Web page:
What is an EPA fireplace insert?

What is an EPA fireplace insert?

Fireplace inserts are similar in function and performance to free-standing wood stoves, but are designed to be installed within the firebox of an existing masonry or metal fireplace. A certified installer will make sure the flue liner in your masonry chimney is installed correctly.

What is EPA 2020 certified?

The US Environmental Protection Agency (and anticipated to be adopted throughout Canada) has implemented a maximum 2.0 grams of particulate per hour regulation effective May 15, 2020 – this means that any product sold by a retailer after May 15, 2020 must conform to this standard.

How do I know if my wood stove is EPA certified?

If you’re trying to determine if your current wood stove is EPA certified under EPA regulations, look for the permanent metal EPA certification label on the back of the stove, or you can check to see if your model is listed in the current database of EPA-certified wood heaters.

What is EPA certified wood?

An EPA-certified wood heater has been independently tested by an EPA-accredited laboratory to determine if it meets the particulate emissions limit of 4.5 grams per hour for non-catalytic, catalytic, and pellet wood heaters.

What is an EPA Phase 2 fireplace?

EPA Phase 2 fireplace inserts are designed to meet the most up-to-date standards for air quality as of July 2013. Fireplace inserts are wood-burning stoves that are seated inside an existing fireplace, with the vent pipe positioned so that smoke vents through a liner installed in the fireplace chimney.

Did the EPA ban wood stoves?

The EPA has recently banned the production and sale of 80 percent of America’s current wood-burning stoves, the oldest heating method known to mankind and mainstay of rural homes and many of our nation’s poorest residents.

Are log fires going to be banned?

Are they banning stoves and fires? No, not at all. The new legislation states however that all new stoves or fires on sale from 2022 do need to be Ecodesign models.

Are wood fires bad for lungs?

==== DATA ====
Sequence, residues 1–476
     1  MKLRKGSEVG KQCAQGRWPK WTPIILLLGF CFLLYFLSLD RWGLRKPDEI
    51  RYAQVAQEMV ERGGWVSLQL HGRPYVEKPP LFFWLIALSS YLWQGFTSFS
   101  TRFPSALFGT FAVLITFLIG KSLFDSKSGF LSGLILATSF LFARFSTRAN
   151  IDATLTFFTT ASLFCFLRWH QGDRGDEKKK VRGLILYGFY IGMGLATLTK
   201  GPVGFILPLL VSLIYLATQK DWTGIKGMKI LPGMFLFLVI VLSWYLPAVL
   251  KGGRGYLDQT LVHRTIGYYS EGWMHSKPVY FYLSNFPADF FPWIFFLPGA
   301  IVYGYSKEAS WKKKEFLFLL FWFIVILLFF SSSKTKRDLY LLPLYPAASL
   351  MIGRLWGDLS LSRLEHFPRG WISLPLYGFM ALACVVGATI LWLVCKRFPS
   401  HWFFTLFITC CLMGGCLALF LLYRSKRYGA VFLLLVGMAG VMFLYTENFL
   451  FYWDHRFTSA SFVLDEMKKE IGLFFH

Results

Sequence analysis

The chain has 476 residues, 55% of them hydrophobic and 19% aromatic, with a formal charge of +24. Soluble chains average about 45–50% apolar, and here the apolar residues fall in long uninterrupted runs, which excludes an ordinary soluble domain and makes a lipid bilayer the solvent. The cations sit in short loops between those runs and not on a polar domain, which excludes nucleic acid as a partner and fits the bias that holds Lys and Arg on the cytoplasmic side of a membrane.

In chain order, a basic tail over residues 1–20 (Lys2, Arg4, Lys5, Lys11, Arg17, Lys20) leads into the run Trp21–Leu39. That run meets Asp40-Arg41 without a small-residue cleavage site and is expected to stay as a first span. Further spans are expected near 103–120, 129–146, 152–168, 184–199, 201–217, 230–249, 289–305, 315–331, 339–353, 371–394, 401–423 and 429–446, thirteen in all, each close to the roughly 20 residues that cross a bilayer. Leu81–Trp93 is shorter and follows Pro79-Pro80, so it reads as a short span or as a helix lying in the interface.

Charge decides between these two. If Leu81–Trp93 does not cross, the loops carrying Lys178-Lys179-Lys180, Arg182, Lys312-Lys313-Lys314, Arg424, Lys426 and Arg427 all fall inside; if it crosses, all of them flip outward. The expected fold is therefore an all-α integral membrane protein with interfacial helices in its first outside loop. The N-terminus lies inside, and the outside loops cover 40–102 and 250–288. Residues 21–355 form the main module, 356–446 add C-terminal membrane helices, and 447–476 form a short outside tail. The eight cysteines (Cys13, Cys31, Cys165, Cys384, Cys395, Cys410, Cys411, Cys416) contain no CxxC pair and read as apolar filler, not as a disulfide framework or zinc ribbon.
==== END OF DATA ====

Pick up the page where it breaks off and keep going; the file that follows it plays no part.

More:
Wood smoke is not good for any set of lungs, but it can be particularly harmful to those with vulnerable lungs, such as children and older adults. Additionally, those with lung diseases, such as asthma, chronic obstructive pulmonary disease (COPD) and lung cancer are also more affected by wood smoke.

Is a wood stove tax deductible?

The U.S. federal government offers a tax credit to tax-paying homeowners who purchase a wood or pellet stove that is at least 75 percent efficient.

What is the most efficient wood burning fireplace?

Best Wood Stoves In 2021 (Comparison)

Wood Stove: #1 Ashley Hearth AW1820E #2 Ashley Hearth AW1120E-P
Heat Output: 69,000 BTU/h 68,000 BTU/h
Efficiency: 75% (EPA Certified) 68.6%
Heating Area: Up to 1,800 sq ft Up to 1,200 sq ft
Burn Time: Up to 12 hours Up to 10 hours

What is the best wood burning fireplace?

Oak is considered the best wood to burn in a fireplace, by far. Why? This type of wood produces a slow-burning fire that lasts longer and burns more evenly and hotter.

What kind of wood is best to burn, in a fireplace?

The best kind of wood to burn is one of the hard woods, such as oak, hard maple and birch because they release more heat and produce less creosote deposits. Oak is considered the best wood to burn in a fireplace, by far.

What is the best alternative to a wood burning fireplace?

There are three popular alternatives to burning wood: gas fireplace inserts, alcohol fireplace inserts , and electric fireplace inserts . All are great alternatives whether or not you have a working chimney and hearth inside your home. Let’s learn more about these options. 1. Direct-Vent Gas Insert Hearth. 2. Electric Fireplace Insert. 3.

What is the best firewood to burn in your fireplace?

The Best Firewood for Your Wood Stove or Fireplace Hardwood Firewood. Hardwoods such as maple, oak, ash, birch, and most fruit trees are the best burning woods that will give you a hotter and longer burn time. Softwood Firewood. Softwood is the cheapest type of wood you can buy. Comparing Firewood by Heat Energy. Make Sure Your Wood Is Dry. Woods to Avoid. Wood Burning Safety Tips.

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